Charles Darwin, not Albert Einstein, is the more appropriate role model for psychologists because he did not begin the Beagle voyage with a favorite idea he wished to prove. Rather, he was open to pursuing any puzzling observation without prejudice. Fortunately, nature furnished the evidence that his intelligence recognized as inconsistent with popular ideology. The rest is history.
I made the few modest discoveries that brought me a small measure of recognition because I adopted Darwin's strategy. I distrusted a priori hypotheses and remained vigilant for observations that were reliable and appeared to be related to a theoretically important issue. When chance presented such observations, I pursued them with the methods available at that time.
This approach generated several discoveries that, I hope, contributed to a deeper understanding of human development. The unexpected observation, in the 1970s, of an increase in attention to faces by infants of seven to nine months old implied an enhancement in working memory due to the maturation of a circuit connecting the temporal and frontal lobes. This discovery, which was later confirmed by others, was satisfying because it explained why seven to nine months is the interval when most infants cry when a stranger approaches them too quickly or their mother leaves them alone for a few minutes in an unfamiliar room. Infants cry because they compare the event with their acquired knowledge and cannot resolve the discrepancy. That comparison requires an improved working memory.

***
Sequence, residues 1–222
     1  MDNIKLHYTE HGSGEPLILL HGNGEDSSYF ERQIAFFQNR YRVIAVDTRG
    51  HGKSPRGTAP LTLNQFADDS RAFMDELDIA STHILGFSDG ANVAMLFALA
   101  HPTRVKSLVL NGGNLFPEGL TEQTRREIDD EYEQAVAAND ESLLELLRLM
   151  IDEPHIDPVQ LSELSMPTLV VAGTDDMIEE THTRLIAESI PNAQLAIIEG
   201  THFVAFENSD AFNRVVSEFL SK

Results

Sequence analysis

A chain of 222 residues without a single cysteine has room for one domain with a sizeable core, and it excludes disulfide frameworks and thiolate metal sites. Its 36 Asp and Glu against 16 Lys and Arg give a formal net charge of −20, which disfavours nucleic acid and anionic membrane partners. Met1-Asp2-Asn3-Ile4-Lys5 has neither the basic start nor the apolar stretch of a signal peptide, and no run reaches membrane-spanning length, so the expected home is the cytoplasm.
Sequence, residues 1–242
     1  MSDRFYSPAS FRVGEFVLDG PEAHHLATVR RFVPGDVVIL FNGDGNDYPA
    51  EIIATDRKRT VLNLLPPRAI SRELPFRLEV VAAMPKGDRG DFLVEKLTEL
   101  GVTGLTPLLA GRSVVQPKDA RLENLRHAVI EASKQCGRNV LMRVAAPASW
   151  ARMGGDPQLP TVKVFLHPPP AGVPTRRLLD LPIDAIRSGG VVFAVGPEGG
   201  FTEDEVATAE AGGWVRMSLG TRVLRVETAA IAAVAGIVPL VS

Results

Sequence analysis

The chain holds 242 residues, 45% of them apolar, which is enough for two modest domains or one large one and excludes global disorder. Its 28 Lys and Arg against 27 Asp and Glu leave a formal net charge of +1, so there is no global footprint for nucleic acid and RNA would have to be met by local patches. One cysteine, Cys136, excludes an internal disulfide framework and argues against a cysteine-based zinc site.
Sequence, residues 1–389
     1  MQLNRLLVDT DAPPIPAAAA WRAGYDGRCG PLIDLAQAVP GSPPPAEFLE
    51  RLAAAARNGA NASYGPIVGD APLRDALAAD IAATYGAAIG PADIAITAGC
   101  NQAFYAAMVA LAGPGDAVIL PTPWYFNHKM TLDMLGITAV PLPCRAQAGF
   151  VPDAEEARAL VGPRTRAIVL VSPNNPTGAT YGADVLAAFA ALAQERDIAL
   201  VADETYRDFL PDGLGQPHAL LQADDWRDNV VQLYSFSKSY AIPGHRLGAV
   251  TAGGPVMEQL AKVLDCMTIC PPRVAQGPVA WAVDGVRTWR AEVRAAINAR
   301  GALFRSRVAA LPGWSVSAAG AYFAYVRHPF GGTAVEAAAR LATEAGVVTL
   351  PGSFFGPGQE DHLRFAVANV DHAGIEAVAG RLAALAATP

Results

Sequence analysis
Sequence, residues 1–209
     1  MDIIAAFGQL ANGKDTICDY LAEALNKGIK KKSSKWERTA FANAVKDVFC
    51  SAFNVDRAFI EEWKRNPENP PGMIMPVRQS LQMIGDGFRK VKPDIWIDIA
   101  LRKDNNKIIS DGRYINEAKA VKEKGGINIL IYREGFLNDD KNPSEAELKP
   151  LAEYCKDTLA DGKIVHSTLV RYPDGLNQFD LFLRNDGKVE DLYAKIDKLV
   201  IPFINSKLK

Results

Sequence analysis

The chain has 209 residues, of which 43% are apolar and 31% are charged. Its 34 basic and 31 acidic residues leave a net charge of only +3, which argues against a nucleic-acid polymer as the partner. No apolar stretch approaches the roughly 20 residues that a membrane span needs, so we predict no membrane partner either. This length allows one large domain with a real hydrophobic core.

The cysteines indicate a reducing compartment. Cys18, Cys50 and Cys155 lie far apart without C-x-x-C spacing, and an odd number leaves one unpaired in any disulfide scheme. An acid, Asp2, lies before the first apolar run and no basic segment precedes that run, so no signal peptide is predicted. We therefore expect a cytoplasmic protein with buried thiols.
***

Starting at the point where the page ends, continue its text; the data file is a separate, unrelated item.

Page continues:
The research on temperament, conducted over the past thirty-five years, has brought more satisfaction, partly because most psychologists regard the discoveries as more significant. Hence, this short essay describes the events that led to the invention of the concepts of high- and low-reactive infants and inhibited and uninhibited children.
These ideas had their origin in the early 1960s, when Howard Moss and I were studying a large group of twenty- to thirty-year-olds on whom extensive observations from infancy to late adolescence were available. A small number of adults whose personality was marked by caution, uncertainty, and a risk-averse posture to challenge typically also had retreated from unfamiliar people or events during their first three years. A second, equally small group showed the contrasting profile of an exuberant approach to, rather than avoidance of, unfamiliar people, objects, or places.